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In what could be a big win for vulnerable workers who have been underpaid, a judge has ruled that a court can make compensation orders against directors of deregistered companies.

This means that dodgy directors who have wound up a business to avoid court-ordered back payments can be held liable for compensating underpaid workers under court orders.

The finding was made by Federal Circuit and Family Court Judge Jonathan Forbes on the threshold issue of whether, “under the small claims procedure, the court has jurisdiction to find that an officer of a deregistered company was involved in a contravention of the Fair Work Act by the company and, if so, whether the court has jurisdiction to make a compensatory order against the officer in respect of his accessorial liability”.

Judge Forbes said “The court’s power to make an order in relation to the contravention of a civil remedy provision is found in section 545,” of the Fair Work Act.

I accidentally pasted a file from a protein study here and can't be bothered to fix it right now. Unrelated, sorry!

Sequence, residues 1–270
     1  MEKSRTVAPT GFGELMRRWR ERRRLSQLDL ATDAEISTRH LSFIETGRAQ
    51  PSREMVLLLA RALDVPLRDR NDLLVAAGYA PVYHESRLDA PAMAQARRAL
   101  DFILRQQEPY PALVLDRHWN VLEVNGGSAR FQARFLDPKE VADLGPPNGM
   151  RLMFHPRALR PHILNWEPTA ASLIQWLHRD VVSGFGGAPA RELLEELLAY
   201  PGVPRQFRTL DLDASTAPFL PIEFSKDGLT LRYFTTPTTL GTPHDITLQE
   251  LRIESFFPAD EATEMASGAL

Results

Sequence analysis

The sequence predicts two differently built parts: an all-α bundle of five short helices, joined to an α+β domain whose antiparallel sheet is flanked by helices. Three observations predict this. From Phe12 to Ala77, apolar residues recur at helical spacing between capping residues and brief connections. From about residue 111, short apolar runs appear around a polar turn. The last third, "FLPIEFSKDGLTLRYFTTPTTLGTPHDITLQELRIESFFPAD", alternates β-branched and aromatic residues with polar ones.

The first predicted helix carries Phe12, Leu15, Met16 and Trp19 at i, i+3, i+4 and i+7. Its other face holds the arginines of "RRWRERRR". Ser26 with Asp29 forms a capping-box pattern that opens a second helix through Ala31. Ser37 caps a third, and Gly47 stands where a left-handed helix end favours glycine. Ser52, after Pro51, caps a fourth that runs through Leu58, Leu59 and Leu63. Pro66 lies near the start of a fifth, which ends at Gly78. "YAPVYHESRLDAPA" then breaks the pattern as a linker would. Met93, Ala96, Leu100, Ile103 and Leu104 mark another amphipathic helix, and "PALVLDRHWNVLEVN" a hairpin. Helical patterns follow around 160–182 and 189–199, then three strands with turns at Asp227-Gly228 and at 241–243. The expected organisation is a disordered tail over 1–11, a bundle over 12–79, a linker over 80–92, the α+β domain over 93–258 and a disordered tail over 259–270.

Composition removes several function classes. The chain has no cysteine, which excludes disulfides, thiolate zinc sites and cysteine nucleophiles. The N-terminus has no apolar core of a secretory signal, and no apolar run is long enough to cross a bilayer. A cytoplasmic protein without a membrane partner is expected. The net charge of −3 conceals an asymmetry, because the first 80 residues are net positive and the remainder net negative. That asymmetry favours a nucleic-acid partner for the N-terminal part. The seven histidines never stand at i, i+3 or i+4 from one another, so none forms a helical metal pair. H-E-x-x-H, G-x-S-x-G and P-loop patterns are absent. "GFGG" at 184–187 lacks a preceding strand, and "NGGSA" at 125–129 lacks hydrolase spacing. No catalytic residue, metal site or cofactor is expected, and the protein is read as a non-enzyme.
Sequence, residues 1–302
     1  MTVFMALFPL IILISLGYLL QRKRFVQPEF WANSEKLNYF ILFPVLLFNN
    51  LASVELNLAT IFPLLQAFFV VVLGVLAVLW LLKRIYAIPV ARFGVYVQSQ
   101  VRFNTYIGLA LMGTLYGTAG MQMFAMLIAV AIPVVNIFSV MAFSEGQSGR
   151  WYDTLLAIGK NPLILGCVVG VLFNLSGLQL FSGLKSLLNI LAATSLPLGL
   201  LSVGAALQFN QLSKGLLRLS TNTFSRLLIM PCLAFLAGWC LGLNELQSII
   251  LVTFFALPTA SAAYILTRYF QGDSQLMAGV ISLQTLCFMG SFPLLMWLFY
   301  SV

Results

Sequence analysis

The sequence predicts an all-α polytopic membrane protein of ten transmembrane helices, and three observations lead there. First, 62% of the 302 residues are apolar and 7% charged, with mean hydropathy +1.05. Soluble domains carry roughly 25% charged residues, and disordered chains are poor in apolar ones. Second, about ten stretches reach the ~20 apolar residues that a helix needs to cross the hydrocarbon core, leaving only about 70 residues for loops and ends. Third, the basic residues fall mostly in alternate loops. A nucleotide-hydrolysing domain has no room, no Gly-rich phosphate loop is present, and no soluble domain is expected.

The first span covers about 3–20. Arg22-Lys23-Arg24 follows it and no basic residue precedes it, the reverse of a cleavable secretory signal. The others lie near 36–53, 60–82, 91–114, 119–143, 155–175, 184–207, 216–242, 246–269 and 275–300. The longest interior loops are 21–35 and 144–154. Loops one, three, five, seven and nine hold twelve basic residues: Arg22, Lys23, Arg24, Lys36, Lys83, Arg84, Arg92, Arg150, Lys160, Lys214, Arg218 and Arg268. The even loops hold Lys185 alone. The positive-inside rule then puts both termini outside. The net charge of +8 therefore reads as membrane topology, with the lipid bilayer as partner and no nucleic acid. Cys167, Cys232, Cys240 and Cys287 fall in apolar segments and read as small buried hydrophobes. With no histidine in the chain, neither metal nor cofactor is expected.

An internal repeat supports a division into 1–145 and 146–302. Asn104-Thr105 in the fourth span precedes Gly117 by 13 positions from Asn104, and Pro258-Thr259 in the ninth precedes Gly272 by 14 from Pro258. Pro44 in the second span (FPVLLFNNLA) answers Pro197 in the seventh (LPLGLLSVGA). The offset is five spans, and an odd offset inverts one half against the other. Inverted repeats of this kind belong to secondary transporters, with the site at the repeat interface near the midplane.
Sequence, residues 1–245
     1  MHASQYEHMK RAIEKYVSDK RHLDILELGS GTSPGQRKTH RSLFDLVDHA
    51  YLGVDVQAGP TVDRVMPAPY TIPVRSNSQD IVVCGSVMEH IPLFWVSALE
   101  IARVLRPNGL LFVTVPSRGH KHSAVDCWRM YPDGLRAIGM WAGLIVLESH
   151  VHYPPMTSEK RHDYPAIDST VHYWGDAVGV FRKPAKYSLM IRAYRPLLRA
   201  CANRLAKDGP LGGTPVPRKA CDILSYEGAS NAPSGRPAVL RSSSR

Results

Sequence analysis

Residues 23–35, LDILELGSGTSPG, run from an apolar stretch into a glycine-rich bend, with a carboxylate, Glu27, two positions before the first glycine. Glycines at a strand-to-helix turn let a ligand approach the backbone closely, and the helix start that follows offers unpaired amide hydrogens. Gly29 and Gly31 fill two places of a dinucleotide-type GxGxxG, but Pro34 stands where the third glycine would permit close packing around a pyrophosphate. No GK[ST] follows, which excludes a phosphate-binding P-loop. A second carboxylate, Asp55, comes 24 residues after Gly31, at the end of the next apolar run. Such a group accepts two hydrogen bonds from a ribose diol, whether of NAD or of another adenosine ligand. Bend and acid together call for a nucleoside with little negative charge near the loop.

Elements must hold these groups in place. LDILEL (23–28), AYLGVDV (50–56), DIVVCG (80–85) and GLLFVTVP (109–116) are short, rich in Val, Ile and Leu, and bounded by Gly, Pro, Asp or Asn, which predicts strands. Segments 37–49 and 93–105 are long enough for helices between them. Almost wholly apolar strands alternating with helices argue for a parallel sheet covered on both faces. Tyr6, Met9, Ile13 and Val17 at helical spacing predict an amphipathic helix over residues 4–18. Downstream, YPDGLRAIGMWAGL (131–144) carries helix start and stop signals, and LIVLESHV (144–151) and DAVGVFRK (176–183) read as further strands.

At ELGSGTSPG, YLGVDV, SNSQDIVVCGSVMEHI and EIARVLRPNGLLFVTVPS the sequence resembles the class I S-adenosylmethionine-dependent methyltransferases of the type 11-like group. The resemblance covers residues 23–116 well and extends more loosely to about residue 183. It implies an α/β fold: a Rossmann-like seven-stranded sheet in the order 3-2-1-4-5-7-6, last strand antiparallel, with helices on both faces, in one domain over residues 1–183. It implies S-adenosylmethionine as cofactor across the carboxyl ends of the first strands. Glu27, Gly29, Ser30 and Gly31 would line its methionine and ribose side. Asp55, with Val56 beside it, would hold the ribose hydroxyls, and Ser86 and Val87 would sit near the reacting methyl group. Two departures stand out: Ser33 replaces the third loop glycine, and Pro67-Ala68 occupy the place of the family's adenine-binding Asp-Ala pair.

“Section 545(1) confers on the Federal Court and this court the power to ‘make any order the court considers appropriate if the court is satisfied that a person has contravened, or proposes to contravene, a civil remedy provision‘.

“The power of this court to make an order in respect of contraventions of civil remedy provisions is very broad and includes, but is not limited to, the making of orders awarding compensation for any loss that a person has suffered because of the contravention.”

While s548(2) imposed a limit of $20,000, “it is not a jurisdictional constraint which prohibits the court’s power in any other respect”.

“Section 548 does not expressly prescribe against whom the court may make orders under the small claim procedure.

There was no reason why such an order cannot be made against a person who has been involved in an employer’s contravention “if the court considers it appropriate to do so”, said Judge Forbes.

The judge concluded that a court under s545 has power to make any order it considers appropriate, including a compensatory order in respect of unpaid wages, “if it is satisfied that a person has contravened a civil remedy provision, including by reason of that person being a deemed contravenor”.

“The applications shall remain listed for final hearing on 4-5 July 2022.”

Alvarez Nino v Kuksal [2022] FedCFamC2G 401 (27 May 2022)